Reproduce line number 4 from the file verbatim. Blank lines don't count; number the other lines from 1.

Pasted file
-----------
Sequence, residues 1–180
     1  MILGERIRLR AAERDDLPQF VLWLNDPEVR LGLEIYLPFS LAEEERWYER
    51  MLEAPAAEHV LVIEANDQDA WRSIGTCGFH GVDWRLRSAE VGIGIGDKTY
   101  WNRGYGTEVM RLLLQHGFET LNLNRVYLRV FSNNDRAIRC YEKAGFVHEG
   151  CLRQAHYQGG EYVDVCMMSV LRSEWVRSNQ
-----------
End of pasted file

   101  WNRGYGTEVM RLLLQHGFET LNLNRVYLRV FSNNDRAIRC YEKAGFVHEG